There are 549 Billion Google Search results for the question, “Which came first the chicken or the egg?” Scientists and philosophers have a whole slew of arguments and explanations about which is the most logical or biologically justified answer.

We are not going to tackle that “chicken and egg” dilemma, but a similar dilemma in the housing market. To understand this scenario, it is best to consider the stories of three characters.


3 Players in the Housing Market

Let’s look at a few players in the housing market. 

Joe owns a home. He wants to move, but there is nothing on the market that matches his search criteria for his next house. He doesn’t want to list his house if there is nothing on the market that he can buy so he holds off from listing.

Karen does not own a home. She is currently renting. She wants to purchase, but there is nothing on the market that matches her price point and specifications. She knows the neighborhood of Joe’s home and she loves it. 

Unfortunately Joe’s home isn’t on the market.

Jennifer also owns a home. She wants to move, but like Joe, there is nothing on the market that matches her search criteria. Joe actually knows Jennifer’s neighborhood and would purchase her house if it was on the market.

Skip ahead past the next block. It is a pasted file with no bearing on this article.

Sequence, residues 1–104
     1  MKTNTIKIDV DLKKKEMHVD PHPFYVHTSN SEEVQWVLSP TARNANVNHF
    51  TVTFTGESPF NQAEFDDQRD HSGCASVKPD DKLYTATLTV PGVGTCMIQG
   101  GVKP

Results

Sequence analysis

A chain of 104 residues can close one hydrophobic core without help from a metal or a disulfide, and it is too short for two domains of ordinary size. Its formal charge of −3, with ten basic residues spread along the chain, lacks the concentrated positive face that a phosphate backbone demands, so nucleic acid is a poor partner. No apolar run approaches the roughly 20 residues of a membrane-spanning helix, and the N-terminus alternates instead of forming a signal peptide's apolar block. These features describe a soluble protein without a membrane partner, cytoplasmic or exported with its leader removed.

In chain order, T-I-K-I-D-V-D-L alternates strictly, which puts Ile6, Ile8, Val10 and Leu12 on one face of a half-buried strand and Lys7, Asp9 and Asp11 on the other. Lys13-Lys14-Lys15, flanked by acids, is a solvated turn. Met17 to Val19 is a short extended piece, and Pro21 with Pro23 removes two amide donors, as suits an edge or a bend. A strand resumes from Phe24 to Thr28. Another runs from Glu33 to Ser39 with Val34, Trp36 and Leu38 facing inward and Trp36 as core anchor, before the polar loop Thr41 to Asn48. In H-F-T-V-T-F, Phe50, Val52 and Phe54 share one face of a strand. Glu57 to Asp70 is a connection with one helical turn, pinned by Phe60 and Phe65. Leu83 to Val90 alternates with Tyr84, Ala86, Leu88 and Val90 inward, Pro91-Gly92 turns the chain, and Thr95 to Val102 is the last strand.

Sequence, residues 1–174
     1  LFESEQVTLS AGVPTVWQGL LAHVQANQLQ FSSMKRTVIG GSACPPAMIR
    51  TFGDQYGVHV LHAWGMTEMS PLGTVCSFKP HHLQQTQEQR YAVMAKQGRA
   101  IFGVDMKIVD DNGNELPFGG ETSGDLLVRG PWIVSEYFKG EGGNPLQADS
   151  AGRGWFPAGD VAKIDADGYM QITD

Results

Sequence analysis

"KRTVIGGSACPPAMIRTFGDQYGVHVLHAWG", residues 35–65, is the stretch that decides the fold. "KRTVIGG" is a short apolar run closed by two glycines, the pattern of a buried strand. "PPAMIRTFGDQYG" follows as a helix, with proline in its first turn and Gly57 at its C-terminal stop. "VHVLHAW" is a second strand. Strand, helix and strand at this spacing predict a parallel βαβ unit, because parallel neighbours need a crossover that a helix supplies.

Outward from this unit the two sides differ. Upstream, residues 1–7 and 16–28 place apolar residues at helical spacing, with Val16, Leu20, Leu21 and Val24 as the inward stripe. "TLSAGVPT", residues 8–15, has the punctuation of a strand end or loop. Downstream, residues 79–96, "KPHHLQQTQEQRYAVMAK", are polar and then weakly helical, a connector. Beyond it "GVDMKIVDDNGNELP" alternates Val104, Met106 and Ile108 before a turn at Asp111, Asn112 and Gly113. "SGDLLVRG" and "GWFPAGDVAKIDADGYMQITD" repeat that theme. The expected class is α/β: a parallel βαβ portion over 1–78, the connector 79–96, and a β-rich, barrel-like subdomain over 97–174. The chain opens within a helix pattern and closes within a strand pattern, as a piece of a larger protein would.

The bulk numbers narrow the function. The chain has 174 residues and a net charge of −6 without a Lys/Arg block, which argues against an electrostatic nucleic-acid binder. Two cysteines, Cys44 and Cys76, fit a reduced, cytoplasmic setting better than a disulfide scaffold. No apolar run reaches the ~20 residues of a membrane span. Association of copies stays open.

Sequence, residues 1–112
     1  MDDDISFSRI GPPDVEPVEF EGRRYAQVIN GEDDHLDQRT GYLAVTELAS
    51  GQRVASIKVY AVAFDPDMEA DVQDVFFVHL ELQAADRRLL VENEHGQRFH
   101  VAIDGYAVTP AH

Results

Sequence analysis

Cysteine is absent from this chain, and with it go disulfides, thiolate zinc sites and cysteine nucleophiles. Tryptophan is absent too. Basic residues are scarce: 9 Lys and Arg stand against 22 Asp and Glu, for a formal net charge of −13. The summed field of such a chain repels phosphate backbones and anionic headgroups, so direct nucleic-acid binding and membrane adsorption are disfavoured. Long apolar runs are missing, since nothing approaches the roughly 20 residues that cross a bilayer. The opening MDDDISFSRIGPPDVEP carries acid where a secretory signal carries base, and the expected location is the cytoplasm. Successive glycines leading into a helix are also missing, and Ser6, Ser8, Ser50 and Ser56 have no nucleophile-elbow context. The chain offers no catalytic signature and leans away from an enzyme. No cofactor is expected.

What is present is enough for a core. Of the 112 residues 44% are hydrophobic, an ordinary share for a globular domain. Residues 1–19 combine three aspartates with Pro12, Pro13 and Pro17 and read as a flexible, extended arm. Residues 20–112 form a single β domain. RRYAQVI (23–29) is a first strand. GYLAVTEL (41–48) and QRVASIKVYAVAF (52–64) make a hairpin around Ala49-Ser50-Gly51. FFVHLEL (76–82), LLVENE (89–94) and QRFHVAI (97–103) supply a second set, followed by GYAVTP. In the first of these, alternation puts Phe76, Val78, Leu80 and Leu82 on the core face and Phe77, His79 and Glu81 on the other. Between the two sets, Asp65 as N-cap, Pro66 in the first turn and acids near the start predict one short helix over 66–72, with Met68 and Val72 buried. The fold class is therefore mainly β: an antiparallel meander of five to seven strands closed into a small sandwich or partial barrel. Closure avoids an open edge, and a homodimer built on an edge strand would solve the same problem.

Unfortunately Jennifer’s home isn’t on the market. 

Let’s look at our real estate loop…
Karen wants Joe’s house
Joe wants Jennifer’s house
Jennifer wants to move, but doesn’t have her next house

Do you see how the chicken and the egg dilemma applies? What should happen first? Should Joe list his house so that Karen can buy it, or should Jennifer list her house so that Joe can buy her house, so that he lists his house, so that Karen can buy his house?

Slow down, right? 

The truth is that although this is a simplified example, it feels eerily similar to what we see in our local neighborhoods. It feels risky to list your house if you don’t see anything you like currently on the market: but if everyone holds off listing, then we have an even bigger issue! 

It is easy to say, “Anyone that wants to move should just list and something will come up”, but when everyone else is waiting to list, why should you be the first to move?

The question is: 

Why are you waiting?

Are you waiting to list your home because you want prices to get better or until you see something you like come to the market? Sometimes deals can be put together because you reach out to our office and another agent has an on-the-fence seller that owns the home you want. You never know until you ask! 

Inventory is still low, but mortgage rates are below 3.5 percent. 



This content is not the product of the National Association of REALTORS®, and may not reflect NAR's viewpoint or position on these topics and NAR does not verify the accuracy of the content.